The trees clear in front of me. A middle-aged woman in a white shirt, black vest, slacks, and cap sticks out against an overcast sky. No one else here. A bit old for a personal assistant. First signs of billionaire paranoia? With that kind of dough, you turn suspicious of everybody and rely on precious few trusted, longtime aids.

The night had dumped thunderstorms on the area, leaving behind a hot, muggy haze. Air conditioner weather. No wonder Charlie sent her to an outdoor meeting. She stands between two square foldup tables and eyes my car. Off to the side, a wood rack with five shotguns. This is getting interesting.

I park next to an electric golf cart, unsure if my camouflage jacket confuses her. The generous pockets of military wear hide weapons and ammunition and other vital items. Mine is not a suit-and-tie business. The old man should have passed on my credentials. That’s all the client cares about.

Not that I trust a woman any more than a man, but I do nothing without half as down payment. Even ten mil buys my retirement to wherever. I already have all the passports I need and the house by the ocean picked out. Outdoor bar. Drinks under palm trees while Washington freezes their asses off during Roland Drummel’s inauguration. For that, I'll schmooze a senior-citizen gopher.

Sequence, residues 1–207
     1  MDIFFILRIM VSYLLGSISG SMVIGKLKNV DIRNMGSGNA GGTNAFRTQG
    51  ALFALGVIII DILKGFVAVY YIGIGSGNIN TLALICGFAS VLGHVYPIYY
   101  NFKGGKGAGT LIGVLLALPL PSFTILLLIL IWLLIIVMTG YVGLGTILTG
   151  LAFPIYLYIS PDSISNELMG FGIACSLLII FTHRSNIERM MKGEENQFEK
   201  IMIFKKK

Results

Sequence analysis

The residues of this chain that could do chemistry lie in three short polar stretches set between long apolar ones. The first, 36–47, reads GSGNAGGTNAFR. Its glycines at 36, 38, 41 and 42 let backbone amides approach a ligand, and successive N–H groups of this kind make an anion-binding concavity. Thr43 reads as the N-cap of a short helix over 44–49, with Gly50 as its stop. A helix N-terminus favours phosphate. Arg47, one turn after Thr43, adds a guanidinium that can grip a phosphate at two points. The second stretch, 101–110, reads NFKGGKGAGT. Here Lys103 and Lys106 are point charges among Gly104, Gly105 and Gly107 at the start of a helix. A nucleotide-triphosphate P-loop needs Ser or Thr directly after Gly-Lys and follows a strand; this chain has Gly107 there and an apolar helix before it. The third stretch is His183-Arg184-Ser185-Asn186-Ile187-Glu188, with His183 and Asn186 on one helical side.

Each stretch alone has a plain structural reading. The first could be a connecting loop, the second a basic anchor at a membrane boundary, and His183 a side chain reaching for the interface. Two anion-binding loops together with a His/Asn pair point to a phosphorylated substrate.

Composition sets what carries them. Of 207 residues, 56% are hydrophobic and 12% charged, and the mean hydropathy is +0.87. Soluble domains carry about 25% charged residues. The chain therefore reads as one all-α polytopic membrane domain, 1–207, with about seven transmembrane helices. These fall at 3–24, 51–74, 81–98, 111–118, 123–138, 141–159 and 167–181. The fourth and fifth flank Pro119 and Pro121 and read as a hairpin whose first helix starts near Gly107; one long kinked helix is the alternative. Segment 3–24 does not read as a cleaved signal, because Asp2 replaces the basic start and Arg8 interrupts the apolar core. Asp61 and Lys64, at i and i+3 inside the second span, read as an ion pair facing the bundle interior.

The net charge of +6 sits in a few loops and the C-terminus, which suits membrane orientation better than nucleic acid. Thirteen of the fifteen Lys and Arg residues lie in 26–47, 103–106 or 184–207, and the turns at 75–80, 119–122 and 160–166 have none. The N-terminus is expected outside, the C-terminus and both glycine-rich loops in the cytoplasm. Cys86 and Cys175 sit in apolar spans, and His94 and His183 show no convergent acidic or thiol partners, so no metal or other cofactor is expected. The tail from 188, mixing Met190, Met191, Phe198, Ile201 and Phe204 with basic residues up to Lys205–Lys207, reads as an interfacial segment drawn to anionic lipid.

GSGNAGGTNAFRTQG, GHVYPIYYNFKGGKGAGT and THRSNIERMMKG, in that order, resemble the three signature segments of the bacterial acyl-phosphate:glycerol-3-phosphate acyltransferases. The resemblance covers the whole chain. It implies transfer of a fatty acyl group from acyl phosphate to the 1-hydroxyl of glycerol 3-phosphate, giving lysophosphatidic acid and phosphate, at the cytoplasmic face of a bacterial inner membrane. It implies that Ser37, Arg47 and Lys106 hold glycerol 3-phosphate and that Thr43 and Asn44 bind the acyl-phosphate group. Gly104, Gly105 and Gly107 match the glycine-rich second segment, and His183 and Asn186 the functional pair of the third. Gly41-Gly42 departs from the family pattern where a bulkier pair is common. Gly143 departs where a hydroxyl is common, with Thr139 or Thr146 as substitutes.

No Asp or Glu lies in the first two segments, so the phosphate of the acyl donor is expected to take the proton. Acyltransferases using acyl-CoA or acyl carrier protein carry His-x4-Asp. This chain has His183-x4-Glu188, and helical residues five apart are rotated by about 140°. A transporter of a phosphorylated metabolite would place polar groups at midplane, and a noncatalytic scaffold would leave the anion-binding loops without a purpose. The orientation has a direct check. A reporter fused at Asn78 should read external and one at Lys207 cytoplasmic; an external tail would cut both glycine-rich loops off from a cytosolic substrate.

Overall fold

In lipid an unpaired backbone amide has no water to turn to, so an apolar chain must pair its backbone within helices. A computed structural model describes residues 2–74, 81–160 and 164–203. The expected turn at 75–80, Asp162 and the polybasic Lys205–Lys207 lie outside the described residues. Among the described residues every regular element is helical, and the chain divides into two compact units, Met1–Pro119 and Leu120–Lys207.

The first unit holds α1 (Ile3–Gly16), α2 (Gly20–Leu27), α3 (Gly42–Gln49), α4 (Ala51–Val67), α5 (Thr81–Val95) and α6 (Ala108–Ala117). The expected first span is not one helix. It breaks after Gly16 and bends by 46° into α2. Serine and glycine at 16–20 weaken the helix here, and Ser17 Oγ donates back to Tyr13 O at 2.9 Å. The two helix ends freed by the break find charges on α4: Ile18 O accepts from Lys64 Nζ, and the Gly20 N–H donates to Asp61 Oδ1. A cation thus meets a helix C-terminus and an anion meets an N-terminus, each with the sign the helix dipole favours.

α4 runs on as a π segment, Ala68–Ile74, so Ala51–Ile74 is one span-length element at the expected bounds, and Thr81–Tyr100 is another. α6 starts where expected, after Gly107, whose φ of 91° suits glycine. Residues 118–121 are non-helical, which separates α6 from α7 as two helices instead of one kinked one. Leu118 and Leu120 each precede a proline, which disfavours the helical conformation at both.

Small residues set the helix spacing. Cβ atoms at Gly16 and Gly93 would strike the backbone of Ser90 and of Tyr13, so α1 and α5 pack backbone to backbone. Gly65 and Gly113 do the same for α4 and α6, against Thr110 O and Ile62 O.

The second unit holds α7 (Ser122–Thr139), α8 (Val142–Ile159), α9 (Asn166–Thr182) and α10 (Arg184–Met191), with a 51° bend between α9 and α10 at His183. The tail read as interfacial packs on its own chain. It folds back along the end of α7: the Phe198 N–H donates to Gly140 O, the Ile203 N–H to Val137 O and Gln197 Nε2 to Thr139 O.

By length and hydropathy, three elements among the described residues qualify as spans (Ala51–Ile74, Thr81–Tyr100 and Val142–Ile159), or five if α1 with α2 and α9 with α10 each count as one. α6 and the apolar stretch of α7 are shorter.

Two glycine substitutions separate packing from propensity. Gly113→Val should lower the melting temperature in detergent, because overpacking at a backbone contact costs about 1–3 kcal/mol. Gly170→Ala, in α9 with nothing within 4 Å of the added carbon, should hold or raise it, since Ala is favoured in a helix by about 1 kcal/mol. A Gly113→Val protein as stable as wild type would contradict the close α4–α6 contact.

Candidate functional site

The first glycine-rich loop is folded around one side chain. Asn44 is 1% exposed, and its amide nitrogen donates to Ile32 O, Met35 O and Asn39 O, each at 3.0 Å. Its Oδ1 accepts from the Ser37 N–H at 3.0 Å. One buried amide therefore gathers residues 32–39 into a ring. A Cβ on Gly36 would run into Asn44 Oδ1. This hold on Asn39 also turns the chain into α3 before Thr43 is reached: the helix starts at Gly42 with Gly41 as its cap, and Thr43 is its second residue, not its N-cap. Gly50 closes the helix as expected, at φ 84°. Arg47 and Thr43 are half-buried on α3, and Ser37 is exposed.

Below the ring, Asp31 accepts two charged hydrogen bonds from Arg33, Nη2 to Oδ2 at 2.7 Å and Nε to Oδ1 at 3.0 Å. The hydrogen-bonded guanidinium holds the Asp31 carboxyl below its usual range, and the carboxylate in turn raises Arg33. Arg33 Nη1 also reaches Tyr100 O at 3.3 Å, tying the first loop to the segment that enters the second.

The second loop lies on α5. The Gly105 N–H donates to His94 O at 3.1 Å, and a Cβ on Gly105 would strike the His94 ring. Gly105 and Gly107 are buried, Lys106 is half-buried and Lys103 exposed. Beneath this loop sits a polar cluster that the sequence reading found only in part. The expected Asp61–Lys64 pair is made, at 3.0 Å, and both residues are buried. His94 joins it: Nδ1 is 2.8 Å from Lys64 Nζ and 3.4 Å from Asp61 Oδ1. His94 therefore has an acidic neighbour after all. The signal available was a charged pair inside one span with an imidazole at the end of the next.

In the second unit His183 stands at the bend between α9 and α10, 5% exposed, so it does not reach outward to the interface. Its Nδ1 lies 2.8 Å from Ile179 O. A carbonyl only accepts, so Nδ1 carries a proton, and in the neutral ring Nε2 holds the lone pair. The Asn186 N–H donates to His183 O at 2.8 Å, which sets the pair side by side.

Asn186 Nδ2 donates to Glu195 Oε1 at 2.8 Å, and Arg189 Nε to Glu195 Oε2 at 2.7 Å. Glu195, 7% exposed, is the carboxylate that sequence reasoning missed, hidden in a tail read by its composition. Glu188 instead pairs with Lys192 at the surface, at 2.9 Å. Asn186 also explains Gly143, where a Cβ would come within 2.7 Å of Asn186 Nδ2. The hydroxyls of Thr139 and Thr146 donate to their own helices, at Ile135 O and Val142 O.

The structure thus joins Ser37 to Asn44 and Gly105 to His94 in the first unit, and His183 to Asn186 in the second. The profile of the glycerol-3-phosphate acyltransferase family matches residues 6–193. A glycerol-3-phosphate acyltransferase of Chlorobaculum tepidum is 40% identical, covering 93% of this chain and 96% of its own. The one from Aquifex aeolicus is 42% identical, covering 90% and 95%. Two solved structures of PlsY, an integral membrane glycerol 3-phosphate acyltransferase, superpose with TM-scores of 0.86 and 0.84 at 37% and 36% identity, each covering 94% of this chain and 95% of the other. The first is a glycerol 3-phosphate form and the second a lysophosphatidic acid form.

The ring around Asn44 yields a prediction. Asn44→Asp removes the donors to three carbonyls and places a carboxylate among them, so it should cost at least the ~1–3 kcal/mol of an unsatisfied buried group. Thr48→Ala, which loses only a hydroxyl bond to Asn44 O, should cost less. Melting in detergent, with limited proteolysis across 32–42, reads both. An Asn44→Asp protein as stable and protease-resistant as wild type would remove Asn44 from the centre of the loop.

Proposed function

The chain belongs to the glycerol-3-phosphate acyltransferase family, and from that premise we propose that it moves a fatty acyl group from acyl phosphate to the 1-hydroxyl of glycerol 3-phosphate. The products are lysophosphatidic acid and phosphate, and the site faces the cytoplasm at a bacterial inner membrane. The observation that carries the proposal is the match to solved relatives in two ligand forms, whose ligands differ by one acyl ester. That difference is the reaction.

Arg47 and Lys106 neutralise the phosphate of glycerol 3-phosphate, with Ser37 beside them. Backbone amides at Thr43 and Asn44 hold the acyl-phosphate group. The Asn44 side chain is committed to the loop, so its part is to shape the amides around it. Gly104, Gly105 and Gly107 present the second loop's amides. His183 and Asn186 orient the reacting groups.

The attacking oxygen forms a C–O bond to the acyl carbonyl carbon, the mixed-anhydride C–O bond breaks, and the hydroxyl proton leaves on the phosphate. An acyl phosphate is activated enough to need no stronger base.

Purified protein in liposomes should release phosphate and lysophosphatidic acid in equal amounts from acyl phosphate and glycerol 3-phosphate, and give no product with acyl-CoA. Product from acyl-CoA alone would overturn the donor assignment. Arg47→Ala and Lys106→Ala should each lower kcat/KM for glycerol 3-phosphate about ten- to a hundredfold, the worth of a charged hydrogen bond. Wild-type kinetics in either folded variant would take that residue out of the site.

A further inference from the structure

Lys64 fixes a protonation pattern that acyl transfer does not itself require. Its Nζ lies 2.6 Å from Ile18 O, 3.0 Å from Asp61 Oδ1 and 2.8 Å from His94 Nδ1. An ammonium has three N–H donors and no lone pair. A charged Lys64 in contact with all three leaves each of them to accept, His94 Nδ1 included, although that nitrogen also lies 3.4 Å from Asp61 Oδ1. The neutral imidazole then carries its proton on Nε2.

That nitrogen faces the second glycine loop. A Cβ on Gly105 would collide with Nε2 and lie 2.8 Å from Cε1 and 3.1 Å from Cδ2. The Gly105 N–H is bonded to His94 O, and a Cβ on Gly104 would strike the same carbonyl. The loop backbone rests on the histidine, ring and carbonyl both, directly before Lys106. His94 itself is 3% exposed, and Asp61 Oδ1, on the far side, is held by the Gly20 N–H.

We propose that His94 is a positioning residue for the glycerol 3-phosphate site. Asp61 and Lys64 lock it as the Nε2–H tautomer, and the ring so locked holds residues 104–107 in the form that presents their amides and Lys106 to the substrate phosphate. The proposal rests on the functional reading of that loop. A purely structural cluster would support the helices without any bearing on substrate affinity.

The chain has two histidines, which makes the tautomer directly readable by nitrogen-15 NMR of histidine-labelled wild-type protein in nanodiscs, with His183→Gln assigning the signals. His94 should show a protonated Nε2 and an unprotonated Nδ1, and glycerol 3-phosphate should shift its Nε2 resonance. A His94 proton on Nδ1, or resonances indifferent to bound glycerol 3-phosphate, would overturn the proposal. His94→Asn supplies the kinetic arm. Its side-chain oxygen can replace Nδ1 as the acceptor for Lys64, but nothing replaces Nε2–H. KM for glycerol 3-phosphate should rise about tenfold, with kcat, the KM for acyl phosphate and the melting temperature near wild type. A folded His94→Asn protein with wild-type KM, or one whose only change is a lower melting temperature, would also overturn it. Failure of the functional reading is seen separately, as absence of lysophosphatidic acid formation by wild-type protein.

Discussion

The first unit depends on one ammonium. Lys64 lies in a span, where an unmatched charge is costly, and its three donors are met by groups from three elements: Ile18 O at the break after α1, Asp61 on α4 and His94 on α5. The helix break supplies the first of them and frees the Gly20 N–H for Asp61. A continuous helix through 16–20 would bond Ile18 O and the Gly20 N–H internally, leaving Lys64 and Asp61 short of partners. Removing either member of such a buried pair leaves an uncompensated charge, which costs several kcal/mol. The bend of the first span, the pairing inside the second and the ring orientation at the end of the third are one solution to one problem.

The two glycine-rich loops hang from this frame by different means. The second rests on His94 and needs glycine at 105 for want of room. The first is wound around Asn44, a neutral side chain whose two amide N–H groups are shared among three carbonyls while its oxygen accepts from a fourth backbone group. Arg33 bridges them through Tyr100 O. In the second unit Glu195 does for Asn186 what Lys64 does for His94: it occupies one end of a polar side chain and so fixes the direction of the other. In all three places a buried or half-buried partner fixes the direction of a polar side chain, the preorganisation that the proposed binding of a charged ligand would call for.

My name is Farnaz Laleh Sarashpa and I make this statement voluntarily under a grant of immunity. For the record, the alleged evidence presented by the FBI consists mainly of a questionable recording inadmissible in Federal court.

I met the man known to me as Mr. Seal once, on the shooting range of my family’s private ranch. For one, the wide-open space gave us more privacy. Making him prove his prowess would also quickly reveal any impostor. It’s not as if I can call his references.

He certainly fit his chosen pseudonym. Towering, in fatigues, broad camouflage jacket, polished combat boots, head clean-shaven, he walked straight out of a war movie into an audition as high-tech mercenary.

“Mr. Seal?”

“Call me Norman.”

“And you can call me Charlie.”

For a moment, I thought he’d lose his composure. He probably did not expect a woman. I often experience that. Many men have a hard time imagining that a Muslima could inherit an oil empire. True, I'm an only child, but you also cannot compare the Iran of my father to the religious bigotry going on now. The Shahbanu and her staff wielded considerable influence on governmental affairs. Irrespective, I'm American. Naturalized. I took an oath on this country I love, and nowhere does it say in the Constitution that women can't pursue the American Dream.